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Advice needed on buying a replacement cassette & chain for my Giant CRS 3.0 FS (2008)

  • 30-07-2011 5:10pm
    #1
    Registered Users Posts: 88 ✭✭ fidero


    Hi guys,
    Could any of ye advise about buying a new rear cassette & chain for my Giant CRS 3.0 (2008)? I have little knowledge about bikes/ there maintenance but would like to attempt these replacements. I am currently experiencing skipping gears front & back. I have been advised that the cassette & chain are extremely worn thus need to be replaced. I have looked up its spec. & it seems the original cassette is sram pg830 11-28 & chain KMC Z7 (both currently on it). What are yer thoughs on SRAM cassettes? Would I be better to get Shimano, Tigra or some other brand instead as a replacement? What are yer thoughs on KMC chains? Any better brands?
    I am aware that its possible to get cassettes that individual sprocket spines can be replaced (sorry if I am not clear with sentence as I don't really know the jargon), would my bike be able to take such a cassette? I heard/ saw it been demoed on a "Specialized" bike
    I mainly use the bike to commute to work & buy shopping. I am open to any suggestions & any price ranges. Quality & longevity would be the main goals.

    Thanks in advance,
    Fi.


Comments

  • Registered Users Posts: 869 Holyboy


    Awe, no one has replied to you yet!
    The exact same cassette will do just fine unless you want to change the ratio of your gears, if you want easier gears and bigger jumps between them, but if you're happy with the gearing stay with it, as for chains I would fit a SRAM PC 830 instead of the KMC one, not that there is anything wrong with them I just think SRAM chains are better and shift fantastic, they are based on the design of the Sedis chain made by Sachs and were the first bushingless chains made.
    If you spend more on the parts you will save a tiny bit of weight and get slightly better shifting but the parts won't last any longer, in fact they will wear out quicker.


  • Registered Users Posts: 88 ✭✭ fidero


    Hi Holyboy,
    I was a bit surprise myself (maybe something to do with a bank holiday & all) but glad I got a reply from a guy in the trade.
    Thanks for your reply & sorry for the delay in acknowledging it.
    I have been looking up the terminology & the thing I was trying to describe the last time was sprocket. Is it possible to get a cassette similar to mind but that the sprockets on it can be broken into there individual sprockets?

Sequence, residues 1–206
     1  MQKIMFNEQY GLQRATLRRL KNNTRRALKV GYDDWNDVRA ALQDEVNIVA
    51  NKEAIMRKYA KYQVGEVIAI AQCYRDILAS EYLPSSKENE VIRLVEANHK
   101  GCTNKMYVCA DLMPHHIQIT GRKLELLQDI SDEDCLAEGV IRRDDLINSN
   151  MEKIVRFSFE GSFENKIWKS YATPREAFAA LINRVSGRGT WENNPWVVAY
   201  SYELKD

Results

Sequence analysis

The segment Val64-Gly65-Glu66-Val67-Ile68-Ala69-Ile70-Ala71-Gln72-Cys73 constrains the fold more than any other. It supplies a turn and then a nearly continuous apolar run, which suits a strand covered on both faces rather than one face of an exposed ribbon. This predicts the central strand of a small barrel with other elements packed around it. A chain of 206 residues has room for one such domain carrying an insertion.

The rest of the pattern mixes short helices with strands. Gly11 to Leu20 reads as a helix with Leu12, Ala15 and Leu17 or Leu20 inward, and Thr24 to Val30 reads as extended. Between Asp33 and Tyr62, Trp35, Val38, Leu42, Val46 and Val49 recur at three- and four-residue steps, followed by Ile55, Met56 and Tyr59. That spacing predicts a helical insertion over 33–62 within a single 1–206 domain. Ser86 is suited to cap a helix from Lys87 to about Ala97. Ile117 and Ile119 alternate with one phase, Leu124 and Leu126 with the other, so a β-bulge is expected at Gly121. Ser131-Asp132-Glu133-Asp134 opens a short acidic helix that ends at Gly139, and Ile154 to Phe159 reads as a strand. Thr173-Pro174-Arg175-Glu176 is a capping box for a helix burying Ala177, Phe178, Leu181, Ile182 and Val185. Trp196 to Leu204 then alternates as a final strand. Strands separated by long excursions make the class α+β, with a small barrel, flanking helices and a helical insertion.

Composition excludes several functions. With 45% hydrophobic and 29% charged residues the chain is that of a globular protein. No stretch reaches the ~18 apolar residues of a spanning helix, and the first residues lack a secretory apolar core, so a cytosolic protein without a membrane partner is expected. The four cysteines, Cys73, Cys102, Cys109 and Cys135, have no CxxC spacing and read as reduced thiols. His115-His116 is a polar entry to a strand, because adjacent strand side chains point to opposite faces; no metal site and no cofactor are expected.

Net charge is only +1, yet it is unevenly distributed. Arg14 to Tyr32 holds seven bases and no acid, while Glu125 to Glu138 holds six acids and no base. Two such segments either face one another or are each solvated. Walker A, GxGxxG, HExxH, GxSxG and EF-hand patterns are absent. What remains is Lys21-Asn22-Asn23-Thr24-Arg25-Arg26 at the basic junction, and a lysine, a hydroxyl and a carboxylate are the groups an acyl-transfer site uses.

I will order up that chain then.
    I won't spent anything more then than I have too if the parts won't last as long.

    Thank again,
    Fi.


  • Registered Users Posts: 869 Holyboy


    Can I ask why you want a cassette with separate sprockets?
    Most of SRAMs cassettes can be taken apart anyway, they have three long allen key (1.5mm head) bolts with the heads at the back of the largest sprocket, if you take those out the whole cassette will come apart, with a lot of Shimano they are riveted together but you can grind down the rivet heads and take them apart too, not sure why you would want to though!


  • Registered Users Posts: 88 ✭✭ fidero


    Hi Holyboy,
    Thanks once again for your reply & sorry for the delay in replying. I was thinking if the sprockets were separate that they could be individually replaced once they get worn out thus being a bit more sustainable approach rather than sending the lot to the bring centre. Would I be right to assume that its a bad idea?

    Thanks,
    Fi.


  • Registered Users Posts: 6,440 cdaly_


    It probably would be a more sustainable approach but you're unlikely to get individual sprockets for much less than you would get a whole cassette. In any case, most of the sprockets will wear out pretty much together so there probably wouldn't be that much saving in it.

    Changing your chain regularly (look up ways to measure chain stretch) will go a long way towards minimising sprocket wear.


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  • Registered Users Posts: 88 ✭✭ fidero


    Hi CDaly,
    Thanks for your quick reply. I will buy new then on your advice.

    Thanks again,
    Fi.

    P.S.: Don't know why I have taken so long in replying to each post up to now, sorry once again for such.


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